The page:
One day soon after I arrived, there was a tap on my shoulder after breakfast. It was Sister. “Get into your pyjamas, bring a book, and come up to the sick-room.” “Am I ill?” I asked. “No, you just look tired, so we’ll give you a day out of school.” Little did they know what was to happen! That’s the sick-room, marked S.R. in the picture, strategically placed over the castle’s main entrance.

I read my book, and then I read the book that was permanently to be found in the sick room. Then I was bored. I looked around for something to do. There was one of those raising and lowering candelabra things. I stood on the end of the bed and raised and lowered it. I realised that the ornate blob in the middle was a counterweight. How did it get to be the exact right weight? This required investigation. I pulled the lights up to the ceiling, and found that the counterweight had a hole at the top, and that it was full of lead shot. How very useful! I tipped some out, but unfortunately tipped out more than I intended, which went onto the floor. While I was trying to retrieve this, the counterweight ascended, being no longer heavy enough, and got out of my reach.

With some paper I made a few darts, weighting them till they flew properly. Could they be made to fly further than the Banvie? Then I made some little paper holders for the shot, and attached them to a pocket handkerchief. These made parachutes that floated gently down from the sick room window to the gravel outside. Then I had an inspiration. With some paper, and the water from a carafe thoughtfully provided, I made a supply of water bombs, and waited for a target. I hadn’t long to wait. The station taxi came to a halt in front of the castle, and Mrs Tindall came out to welcome the visitor. Fire One! Fire Two! Fire Three! The aim was excellent!

I was hauled downstairs to put on my clothes, and apologise for my misdeed. I had bombed no less a person than the Bishop of Saint Andrews, who had come to confirm some boys. He was very kind, and we got on well together.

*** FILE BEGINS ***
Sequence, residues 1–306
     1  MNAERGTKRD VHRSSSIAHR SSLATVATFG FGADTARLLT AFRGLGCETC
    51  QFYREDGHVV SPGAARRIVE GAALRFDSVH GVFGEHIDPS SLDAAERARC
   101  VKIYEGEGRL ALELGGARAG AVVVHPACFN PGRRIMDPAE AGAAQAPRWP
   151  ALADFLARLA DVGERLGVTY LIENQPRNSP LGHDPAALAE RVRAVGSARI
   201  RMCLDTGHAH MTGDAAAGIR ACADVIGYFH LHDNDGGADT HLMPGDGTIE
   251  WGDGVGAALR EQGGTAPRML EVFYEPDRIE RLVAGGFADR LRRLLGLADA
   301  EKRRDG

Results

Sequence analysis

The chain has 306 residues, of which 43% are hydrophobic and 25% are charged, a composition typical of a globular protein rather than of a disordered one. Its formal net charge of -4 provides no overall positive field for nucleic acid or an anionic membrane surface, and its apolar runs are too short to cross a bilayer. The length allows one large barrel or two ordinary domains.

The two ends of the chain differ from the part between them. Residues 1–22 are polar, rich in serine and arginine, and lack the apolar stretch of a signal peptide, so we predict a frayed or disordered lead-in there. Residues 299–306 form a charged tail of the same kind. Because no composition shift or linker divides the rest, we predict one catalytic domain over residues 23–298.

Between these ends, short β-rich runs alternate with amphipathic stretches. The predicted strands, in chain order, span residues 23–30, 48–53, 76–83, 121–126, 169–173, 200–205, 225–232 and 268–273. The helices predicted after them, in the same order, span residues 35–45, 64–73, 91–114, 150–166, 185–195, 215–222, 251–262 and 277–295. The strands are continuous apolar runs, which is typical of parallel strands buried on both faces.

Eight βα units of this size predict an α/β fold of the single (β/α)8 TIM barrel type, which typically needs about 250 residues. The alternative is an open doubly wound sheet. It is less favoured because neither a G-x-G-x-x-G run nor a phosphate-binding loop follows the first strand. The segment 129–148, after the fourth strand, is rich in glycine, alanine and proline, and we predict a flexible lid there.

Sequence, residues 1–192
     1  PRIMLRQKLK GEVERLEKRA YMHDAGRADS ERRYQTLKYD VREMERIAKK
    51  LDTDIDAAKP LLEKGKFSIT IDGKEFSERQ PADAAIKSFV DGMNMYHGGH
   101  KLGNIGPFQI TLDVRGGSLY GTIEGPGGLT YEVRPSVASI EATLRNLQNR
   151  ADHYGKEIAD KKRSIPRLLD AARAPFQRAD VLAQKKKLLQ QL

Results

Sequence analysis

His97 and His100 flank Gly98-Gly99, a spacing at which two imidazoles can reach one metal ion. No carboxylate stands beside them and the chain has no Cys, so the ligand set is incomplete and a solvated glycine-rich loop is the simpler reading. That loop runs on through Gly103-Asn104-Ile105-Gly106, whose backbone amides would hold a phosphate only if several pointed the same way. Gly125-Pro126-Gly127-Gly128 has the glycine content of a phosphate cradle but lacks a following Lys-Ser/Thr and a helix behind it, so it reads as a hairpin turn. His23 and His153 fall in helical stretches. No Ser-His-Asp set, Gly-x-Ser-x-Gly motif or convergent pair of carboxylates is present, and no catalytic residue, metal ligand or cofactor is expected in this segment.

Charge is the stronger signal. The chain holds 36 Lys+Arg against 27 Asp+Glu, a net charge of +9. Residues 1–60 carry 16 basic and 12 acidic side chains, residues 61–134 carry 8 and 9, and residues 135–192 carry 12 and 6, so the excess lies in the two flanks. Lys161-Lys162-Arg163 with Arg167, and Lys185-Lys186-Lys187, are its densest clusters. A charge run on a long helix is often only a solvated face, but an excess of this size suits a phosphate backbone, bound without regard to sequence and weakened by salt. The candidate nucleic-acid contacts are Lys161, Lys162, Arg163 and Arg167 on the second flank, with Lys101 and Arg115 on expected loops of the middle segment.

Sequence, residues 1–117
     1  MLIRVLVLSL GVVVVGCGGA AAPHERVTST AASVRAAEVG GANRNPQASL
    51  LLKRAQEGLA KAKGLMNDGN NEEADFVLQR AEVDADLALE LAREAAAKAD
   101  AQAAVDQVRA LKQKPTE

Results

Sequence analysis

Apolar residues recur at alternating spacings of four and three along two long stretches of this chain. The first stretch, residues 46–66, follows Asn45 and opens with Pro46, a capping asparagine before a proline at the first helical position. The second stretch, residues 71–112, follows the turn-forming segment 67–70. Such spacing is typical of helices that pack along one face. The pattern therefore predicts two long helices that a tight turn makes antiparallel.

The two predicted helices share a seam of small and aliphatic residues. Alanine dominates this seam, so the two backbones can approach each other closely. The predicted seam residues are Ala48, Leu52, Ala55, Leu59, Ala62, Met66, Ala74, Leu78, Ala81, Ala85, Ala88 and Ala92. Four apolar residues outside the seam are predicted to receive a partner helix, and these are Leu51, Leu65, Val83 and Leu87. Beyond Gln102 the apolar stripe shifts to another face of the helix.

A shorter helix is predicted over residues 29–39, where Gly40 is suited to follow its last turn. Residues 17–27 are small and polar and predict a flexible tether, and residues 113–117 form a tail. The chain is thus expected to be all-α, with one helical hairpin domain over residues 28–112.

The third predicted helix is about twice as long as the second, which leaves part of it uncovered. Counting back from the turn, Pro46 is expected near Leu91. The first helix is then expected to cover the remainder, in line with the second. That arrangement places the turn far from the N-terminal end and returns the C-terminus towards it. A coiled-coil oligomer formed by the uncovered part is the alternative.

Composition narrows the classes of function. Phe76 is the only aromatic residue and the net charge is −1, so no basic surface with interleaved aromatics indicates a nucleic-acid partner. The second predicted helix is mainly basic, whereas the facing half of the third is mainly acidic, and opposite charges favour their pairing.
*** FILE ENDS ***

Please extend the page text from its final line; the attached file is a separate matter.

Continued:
A week later KT asked for volunteers to be fairies and elves for the school play, a Midsummer Night’s Dream. I was turned down. “You’d wreck it,” said K T, even though all the other new boys of my term were going to take part.

A year later I begged KT to allow me to be in the School Play, which was to be “As You Like It”. “I won’t wreck it,” I promised. I was given a small part, Audrey, who is a village maiden with about one line to speak. Rehearsals all went well. The Dress Rehearsal went well. Then came the Great Day. It was my tenth birthday. An open-air stage had been made in the middle of a wood, mostly of young trees. The stage area was veiled from the back stage activities by a ring of thicker shrubs, mostly yew trees. While the audience and the actors were assembling K T came to me with some sort of animal. “It’s a goat,” he said. “Audrey is a goat herd. I want you to come on with the goat. It will look authentic. And you’ll have to look after the goat, which eats anything it can find, including wigs. So just keep an eye on it. Whatever else, don’t let it eat any of the yew berries, because they are deadly poison to goats.” That goat must have made a note about the yew, because for the next two hours my life was a misery. It would tug me towards a yew tree. I would tug it away. All would be well for a while then it would make a dash for a yew tree somewhere else. Several times this was on the opposite side of the set, so that it made unscheduled appearances on stage, dragging me behind it with its halter, in hot pursuit, and once even it ran through the audience. K T and I had words about this afterwards. “The goat was a bad idea,” he said.

Well, they were very happy days at Blair Atholl, and we were lucky to be there.

And now it is my great pleasure to introduce to you our guest speaker, Paul Light, who is Principal of King Alfred’s College, part of Southampton University, and hopefully soon to form Winchester University. At the Grand Opening of the new West Downs Centre for the Performing Arts, in May 2001, he made a wonderful speech, in which he quoted from our School Prayers, and quite won me over, for I had been rather sceptical about what we had seen the young people doing as we walked around the West Downs buildings. And I was completely won over a few months ago when I attended a Degree Day for the College in Winchester Cathedral. I had a seat only six feet from the Vice Chancellor as he spoke individually with each new graduate, holding their hands and looking each one in the eye as he spoke with them. They all looked to be such lovely young people, and I realised that King Alfred’s under Paul is doing a great job.

The toast is: “To the future of West Downs!”

Ladies and Gentlemen, Paul Light.

Nick Hodson, OWD Society Secretary